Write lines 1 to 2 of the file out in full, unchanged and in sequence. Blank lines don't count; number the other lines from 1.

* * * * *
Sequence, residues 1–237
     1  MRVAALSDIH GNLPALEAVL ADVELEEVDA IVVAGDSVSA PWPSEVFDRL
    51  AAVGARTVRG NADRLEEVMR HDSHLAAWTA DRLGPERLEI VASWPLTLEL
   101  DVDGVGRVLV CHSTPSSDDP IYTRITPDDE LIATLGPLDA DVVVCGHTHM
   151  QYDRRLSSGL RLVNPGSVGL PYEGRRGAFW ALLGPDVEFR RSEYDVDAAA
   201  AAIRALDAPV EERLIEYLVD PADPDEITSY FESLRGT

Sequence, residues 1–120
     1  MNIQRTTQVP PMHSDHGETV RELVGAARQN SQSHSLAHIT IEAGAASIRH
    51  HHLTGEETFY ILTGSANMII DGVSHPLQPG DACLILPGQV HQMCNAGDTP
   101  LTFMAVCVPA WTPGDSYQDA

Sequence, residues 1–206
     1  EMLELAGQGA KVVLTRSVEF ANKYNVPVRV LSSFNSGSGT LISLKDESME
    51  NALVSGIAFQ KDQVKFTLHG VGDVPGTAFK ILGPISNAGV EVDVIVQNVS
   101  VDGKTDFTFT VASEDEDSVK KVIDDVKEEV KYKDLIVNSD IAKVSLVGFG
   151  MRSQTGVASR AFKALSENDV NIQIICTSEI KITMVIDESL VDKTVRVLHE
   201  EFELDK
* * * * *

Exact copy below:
Sequence, residues 1–237
     1  MRVAALSDIH GNLPALEAVL ADVELEEVDA IVVAGDSVSA PWPSEVFDRL